Plot Summary (from B&N):
In this lively and compelling account of that year, Rubin carves out her place alongside the authors of bestselling memoirs such asJulie and Julia, The Year of Living Biblically, and Eat, Pray, Love. With humor and insight, she chronicles her adventures during the twelve months she spent test-driving the wisdom of the ages, current scientific research, and lessons from popular culture about how to be happier.
Rubin didn’t have the option to uproot herself, nor did she really want to; instead she focused on improving her life as it was. Each month she tackled a new set of resolutions: give proofs of love, ask for help, find more fun, keep a gratitude notebook, forget about results. She immersed herself in principles set forth by all manner of experts, from Epicurus to Thoreau to Oprah to Martin Seligman to the Dalai Lama to see what worked for her—and what didn’t.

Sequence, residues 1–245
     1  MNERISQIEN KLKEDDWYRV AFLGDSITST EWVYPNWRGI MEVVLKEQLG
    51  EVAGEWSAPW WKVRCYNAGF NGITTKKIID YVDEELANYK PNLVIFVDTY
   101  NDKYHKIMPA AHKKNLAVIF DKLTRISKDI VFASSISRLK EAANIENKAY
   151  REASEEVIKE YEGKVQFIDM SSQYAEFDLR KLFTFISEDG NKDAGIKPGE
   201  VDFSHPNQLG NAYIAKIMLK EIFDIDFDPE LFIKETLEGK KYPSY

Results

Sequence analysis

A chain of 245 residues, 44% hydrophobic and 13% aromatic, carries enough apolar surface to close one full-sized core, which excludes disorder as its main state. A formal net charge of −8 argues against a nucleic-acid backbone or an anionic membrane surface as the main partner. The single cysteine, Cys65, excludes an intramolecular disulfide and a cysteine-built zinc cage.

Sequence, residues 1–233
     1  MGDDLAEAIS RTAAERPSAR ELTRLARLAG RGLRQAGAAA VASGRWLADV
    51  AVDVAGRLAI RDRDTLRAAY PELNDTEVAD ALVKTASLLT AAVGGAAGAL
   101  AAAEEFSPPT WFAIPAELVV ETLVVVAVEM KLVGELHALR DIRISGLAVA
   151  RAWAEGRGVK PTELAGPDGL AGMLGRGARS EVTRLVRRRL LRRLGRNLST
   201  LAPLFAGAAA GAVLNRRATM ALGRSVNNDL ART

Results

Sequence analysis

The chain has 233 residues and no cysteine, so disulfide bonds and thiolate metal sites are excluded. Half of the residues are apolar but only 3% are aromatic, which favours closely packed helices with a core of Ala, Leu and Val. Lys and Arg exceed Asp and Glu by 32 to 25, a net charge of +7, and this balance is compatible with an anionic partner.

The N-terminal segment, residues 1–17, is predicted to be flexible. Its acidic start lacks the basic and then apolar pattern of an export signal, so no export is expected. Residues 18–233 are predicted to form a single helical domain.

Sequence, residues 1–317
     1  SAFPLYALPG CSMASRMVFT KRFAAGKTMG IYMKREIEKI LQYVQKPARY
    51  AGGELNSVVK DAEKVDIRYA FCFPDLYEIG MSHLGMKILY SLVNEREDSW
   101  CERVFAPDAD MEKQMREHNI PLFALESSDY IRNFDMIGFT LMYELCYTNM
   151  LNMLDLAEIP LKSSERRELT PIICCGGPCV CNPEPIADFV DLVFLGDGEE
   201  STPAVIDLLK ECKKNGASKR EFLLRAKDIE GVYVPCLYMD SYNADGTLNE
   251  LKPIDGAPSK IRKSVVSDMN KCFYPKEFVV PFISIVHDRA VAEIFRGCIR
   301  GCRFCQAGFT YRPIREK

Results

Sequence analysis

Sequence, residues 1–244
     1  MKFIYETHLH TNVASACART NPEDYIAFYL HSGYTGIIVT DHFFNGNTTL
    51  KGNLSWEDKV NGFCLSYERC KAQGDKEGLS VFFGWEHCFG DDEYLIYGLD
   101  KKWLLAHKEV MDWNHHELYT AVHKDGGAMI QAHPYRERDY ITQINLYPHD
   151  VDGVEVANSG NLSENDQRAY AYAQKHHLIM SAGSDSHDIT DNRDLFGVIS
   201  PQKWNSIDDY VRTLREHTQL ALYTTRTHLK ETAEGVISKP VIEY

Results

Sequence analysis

Her conclusions are sometimes surprising—she finds that money can buy happiness, when spent wisely; that novelty and challenge are powerful sources of happiness; that “treating” yourself can make you feel worse; that venting bad feelings doesn’t relieve them; that the very smallest of changes can make the biggest difference—and they range from the practical to the profound.
Written with charm and wit,The Happiness Project is illuminating yet entertaining, thought-provoking yet compulsively readable. Gretchen Rubin’s passion for her subject jumps off the page, and reading just a few chapters of this book will inspire you to start your own happiness project.
Illustrated by Memegenerator.net
As a rule, I really hate “self-help” books.